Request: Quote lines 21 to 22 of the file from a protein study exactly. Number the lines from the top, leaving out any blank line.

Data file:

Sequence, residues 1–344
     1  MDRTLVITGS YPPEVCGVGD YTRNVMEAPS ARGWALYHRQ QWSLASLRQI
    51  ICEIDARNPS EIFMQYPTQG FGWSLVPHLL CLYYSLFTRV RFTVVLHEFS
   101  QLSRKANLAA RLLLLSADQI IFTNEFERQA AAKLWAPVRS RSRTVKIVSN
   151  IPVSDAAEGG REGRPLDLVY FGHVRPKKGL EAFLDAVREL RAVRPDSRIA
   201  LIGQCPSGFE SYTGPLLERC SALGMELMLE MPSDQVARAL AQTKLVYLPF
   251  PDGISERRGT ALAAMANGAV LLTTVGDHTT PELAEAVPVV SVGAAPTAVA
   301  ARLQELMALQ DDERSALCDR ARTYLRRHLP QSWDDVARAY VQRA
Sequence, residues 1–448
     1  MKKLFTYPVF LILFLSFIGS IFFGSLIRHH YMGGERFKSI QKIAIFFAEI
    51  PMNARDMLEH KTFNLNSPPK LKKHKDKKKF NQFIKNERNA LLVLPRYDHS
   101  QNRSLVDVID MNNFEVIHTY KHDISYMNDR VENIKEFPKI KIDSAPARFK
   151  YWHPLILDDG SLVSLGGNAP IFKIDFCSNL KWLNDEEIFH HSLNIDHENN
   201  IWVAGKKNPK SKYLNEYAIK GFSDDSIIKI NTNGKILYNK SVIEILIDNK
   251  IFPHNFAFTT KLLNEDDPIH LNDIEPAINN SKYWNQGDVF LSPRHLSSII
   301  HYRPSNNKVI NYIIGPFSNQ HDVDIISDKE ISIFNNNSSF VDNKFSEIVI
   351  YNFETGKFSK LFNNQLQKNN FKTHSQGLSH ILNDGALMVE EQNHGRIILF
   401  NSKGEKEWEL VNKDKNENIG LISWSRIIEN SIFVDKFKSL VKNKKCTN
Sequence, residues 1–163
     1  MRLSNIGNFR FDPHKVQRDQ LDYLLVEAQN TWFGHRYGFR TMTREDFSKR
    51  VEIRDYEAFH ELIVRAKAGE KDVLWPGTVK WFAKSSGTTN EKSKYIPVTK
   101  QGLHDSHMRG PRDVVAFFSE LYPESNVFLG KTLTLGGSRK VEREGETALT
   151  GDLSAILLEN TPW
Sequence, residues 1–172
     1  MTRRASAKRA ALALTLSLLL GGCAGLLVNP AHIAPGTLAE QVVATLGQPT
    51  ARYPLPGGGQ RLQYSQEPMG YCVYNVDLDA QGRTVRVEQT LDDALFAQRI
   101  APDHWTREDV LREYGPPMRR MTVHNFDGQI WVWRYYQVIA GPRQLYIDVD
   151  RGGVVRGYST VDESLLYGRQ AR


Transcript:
    51  VEIRDYEAFH ELIVRAKAGE KDVLWPGTVK WFAKSSGTTN EKSKYIPVTK
   101  QGLHDSHMRG PRDVVAFFSE LYPESNVFLG KTLTLGGSRK VEREGETALT